Thesp stakes her claim as the omnipotent voice of the ‘coming soon’ realm
Lake bell has lost her voice.
The actress calls from New York with laryngitis, which is kind of ironic considering she plays the daughter of a famous trailer narrator who aspires to become that industry’s first successful female voiceover artist in her directorial debut, “In a World. . .,” which won the Waldo Salt Screenwriting Award at Sundance.
Though the daddy issues are made up, Bell truly is obsessed with accents and vocal trends in general. After attending drama school in England, “I came out to L.A. with this really fat demo CD of all the voices I could do,” she recalls.
“In a World” pays homage to the insular community of trailer narrators. The title refers to the iconic intro associated with the late V.O. legend Don LaFontaine. The cast includes such V.O. pros as Fred Melamed, Joe Cipriano, Mark Elliott and Marc Graue; and the climax takes place at the Golden Trailer Awards.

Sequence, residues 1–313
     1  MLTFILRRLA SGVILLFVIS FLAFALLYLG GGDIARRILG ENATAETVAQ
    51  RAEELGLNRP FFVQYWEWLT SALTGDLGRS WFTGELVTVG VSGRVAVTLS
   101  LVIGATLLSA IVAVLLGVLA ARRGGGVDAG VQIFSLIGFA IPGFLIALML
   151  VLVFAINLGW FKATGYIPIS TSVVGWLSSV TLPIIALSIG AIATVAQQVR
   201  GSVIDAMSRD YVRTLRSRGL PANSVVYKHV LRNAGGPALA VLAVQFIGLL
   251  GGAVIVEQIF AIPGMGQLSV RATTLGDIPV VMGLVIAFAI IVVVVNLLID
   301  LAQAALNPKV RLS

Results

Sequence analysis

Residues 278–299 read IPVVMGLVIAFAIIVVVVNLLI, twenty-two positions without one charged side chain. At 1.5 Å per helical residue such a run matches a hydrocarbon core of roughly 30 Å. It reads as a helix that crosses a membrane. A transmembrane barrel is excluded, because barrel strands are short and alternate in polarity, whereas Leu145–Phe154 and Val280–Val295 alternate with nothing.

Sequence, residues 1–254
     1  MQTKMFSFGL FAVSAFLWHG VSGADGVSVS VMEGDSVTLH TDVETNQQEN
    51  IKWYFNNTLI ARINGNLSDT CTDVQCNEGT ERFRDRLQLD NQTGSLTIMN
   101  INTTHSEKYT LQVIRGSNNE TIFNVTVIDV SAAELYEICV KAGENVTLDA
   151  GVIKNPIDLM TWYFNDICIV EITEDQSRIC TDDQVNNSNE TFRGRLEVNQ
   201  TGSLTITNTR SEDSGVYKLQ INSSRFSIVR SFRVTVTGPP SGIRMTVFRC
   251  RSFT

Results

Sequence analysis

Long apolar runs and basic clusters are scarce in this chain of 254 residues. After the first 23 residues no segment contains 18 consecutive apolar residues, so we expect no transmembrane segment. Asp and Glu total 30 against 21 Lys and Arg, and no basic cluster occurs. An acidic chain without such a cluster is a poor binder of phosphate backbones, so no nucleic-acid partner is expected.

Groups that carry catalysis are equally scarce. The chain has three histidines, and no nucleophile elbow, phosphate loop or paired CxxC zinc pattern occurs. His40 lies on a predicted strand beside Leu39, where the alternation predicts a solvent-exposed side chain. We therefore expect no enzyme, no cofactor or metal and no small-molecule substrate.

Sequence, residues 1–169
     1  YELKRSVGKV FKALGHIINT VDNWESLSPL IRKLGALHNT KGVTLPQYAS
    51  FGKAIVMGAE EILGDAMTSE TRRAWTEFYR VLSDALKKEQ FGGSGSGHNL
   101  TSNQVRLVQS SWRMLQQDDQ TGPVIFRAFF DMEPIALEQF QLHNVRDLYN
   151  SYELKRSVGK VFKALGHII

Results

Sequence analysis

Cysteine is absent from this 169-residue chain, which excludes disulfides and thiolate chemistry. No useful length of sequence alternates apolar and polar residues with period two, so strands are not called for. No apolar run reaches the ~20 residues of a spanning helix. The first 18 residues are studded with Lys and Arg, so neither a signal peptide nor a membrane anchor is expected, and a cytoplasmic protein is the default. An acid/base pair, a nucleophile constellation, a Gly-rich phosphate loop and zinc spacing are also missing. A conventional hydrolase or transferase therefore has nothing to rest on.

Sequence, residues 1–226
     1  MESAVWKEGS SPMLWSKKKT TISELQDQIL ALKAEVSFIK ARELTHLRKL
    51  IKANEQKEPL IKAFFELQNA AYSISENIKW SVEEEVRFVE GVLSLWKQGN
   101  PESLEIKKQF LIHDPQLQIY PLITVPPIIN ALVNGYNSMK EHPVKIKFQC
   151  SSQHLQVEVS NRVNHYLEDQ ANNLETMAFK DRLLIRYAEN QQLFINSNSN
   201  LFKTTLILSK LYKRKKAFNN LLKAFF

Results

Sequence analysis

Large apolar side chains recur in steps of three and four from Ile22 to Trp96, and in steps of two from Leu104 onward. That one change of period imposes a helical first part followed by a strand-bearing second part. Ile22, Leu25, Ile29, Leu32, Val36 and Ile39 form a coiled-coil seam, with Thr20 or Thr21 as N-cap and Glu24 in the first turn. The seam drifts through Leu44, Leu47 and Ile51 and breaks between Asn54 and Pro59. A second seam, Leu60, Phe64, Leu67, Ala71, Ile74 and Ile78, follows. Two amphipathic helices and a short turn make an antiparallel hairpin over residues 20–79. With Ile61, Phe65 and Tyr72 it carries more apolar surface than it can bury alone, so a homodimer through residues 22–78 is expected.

Lately, the trailer biz is trending away from narration. In the early days, shrill voices spewed hyperbole like carnival barkers. “Then Don created this whole trend of the booming, omniscient, bassy, sexy, powerful, authoritative male voice,” says Bell, who adds that an even newer “everyman” trend has replaced it — “no longer the voice of God, but the voice of your next-door neighbor.”
During her research, Bell met with Melissa Disney, “the only gal who did a movie trailer” (for “Gone in 60 Seconds” 13 years ago). “I thought, ‘What’s the new thing that nobody’s done before?’ ” Bell says. “So a female voice doing voiceover becomes the new trendy thing.”